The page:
A Frankensteinian year…

I spent a long time thinking about Frankenstein, albeit back in the 20th century, and still enjoy the continually renewed afterlife of the story. My book on that is getting on for 20 years old, but I’d still defend its basic thesis that Mary Shelley furnished a myth that frames much of our discussion of biomedical science and technologies.

So it’s been interesting to see a few responses to the 200th anniversary of the story’s genesis (conceived in 2016, though first published two years later). The Bristol Festival of Ideas’ weekend featured a splendid new theatre production of the tale in John Wesley’s atmospheric chapel, by candle light, lots of talks, some new poetry, and a science, tech and ethics discussion I enjoyed chairing. It seemed to me usefully measured and informative, on IVF and CRISPR mainly, thanks to panellists Robin Lovell Badge, Sara Norcross, Alison Murdoch and Lucy van der Wiel. So gratitude to them, and to the Festival of ideas team for organising it. Also fun to meet the folks organising a Frankensteinian literary tour of Bath (Most people associate the story with the Shelley entourage’s stay on Lake Geneva, but most of the novel was actually written in Bath) which will be running this Summer.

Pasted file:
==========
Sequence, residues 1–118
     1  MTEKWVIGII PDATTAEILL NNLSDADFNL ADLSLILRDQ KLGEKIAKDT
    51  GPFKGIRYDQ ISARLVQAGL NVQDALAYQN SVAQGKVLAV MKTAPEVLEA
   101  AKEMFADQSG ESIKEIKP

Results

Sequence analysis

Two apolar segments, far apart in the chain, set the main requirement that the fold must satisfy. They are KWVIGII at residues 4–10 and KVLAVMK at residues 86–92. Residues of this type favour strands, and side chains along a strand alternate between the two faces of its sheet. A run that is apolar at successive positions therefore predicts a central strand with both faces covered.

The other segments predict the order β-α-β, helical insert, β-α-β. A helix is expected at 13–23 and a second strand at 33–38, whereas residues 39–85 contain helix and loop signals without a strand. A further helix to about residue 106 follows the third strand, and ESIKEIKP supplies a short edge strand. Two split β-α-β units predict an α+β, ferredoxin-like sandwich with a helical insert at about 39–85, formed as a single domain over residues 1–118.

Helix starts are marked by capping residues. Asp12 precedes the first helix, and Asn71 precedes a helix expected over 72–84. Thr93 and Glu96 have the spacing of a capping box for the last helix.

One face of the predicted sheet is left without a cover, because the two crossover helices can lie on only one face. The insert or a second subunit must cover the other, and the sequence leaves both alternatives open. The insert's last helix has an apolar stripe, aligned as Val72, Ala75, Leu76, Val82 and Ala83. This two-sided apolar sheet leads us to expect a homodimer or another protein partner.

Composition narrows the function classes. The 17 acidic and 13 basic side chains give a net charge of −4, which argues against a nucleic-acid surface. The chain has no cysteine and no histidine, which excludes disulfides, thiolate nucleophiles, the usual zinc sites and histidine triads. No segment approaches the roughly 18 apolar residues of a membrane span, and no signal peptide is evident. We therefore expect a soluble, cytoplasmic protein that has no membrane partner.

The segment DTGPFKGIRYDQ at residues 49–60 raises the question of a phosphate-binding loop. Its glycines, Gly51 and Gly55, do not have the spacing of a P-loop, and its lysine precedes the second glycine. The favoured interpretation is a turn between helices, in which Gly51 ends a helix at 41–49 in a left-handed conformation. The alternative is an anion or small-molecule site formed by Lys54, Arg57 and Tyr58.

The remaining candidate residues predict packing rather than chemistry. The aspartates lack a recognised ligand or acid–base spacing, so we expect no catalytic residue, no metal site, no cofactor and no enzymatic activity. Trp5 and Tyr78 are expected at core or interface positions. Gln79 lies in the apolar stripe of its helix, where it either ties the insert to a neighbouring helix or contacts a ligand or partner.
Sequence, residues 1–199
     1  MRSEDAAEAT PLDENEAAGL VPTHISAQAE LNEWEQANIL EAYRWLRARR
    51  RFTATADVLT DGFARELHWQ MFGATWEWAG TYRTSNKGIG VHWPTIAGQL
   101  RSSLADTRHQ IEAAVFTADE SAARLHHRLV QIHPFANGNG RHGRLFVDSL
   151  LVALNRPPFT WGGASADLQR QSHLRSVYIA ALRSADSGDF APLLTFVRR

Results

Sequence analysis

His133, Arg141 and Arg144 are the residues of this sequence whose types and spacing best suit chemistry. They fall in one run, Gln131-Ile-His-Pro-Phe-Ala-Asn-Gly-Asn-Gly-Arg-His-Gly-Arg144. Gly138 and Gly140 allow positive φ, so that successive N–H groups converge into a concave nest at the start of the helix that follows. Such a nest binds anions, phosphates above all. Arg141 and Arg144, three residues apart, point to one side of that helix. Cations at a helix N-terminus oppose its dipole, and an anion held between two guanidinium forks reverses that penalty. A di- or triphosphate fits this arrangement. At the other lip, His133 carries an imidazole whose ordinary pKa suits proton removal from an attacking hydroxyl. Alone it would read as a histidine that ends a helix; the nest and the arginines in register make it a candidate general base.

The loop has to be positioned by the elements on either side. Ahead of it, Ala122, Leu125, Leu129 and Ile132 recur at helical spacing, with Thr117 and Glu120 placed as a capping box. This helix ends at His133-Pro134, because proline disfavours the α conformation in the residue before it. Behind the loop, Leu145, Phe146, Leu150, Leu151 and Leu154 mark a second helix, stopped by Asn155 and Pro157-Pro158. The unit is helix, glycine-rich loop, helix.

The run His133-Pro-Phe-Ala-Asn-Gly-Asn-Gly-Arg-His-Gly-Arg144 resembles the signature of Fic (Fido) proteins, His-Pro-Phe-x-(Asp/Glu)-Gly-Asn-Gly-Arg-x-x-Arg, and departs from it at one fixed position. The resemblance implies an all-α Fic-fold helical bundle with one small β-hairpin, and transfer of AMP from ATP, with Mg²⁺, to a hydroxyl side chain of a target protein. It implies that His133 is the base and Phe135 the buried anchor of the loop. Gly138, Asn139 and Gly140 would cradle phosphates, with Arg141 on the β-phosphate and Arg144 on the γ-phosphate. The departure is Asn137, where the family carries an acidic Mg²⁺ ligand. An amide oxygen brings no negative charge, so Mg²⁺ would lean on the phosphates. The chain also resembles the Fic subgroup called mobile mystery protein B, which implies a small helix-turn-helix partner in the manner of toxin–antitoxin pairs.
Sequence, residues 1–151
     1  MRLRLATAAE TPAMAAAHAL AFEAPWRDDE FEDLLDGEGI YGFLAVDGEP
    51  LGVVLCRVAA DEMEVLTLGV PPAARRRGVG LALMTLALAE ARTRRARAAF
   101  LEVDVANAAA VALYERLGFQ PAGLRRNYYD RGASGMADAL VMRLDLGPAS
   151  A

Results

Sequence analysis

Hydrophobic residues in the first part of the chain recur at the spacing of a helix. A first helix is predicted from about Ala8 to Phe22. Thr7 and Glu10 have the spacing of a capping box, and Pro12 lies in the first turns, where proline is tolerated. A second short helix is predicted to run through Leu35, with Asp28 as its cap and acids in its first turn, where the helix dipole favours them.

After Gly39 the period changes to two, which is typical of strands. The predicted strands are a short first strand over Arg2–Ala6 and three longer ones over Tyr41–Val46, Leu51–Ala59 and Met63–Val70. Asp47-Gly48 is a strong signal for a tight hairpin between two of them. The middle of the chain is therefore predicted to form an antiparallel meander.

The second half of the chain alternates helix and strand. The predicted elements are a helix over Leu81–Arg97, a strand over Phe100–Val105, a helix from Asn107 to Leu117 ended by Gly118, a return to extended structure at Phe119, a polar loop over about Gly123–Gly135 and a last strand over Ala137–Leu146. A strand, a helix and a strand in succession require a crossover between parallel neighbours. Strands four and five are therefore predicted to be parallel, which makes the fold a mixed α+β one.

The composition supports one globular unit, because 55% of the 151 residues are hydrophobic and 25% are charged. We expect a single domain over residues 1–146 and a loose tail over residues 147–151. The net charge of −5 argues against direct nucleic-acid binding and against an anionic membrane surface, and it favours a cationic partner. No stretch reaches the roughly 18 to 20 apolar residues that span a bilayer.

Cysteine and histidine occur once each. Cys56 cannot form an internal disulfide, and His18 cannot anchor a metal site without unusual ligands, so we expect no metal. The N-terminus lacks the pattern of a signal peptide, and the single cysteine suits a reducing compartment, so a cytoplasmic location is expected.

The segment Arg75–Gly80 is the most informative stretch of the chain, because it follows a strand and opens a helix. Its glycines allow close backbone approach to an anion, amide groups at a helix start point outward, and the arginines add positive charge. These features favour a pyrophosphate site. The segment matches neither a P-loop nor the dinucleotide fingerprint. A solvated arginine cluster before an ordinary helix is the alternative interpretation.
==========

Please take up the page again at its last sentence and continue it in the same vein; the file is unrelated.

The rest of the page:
There’s talk of a Gothic event at the Stoke Newington lit fest in June, which I think will also be in a candle lit church… ┬áDetails when I have them. And if anyone else wants me to talk about Frankenstein while it’s back in my mind, do get in touch.

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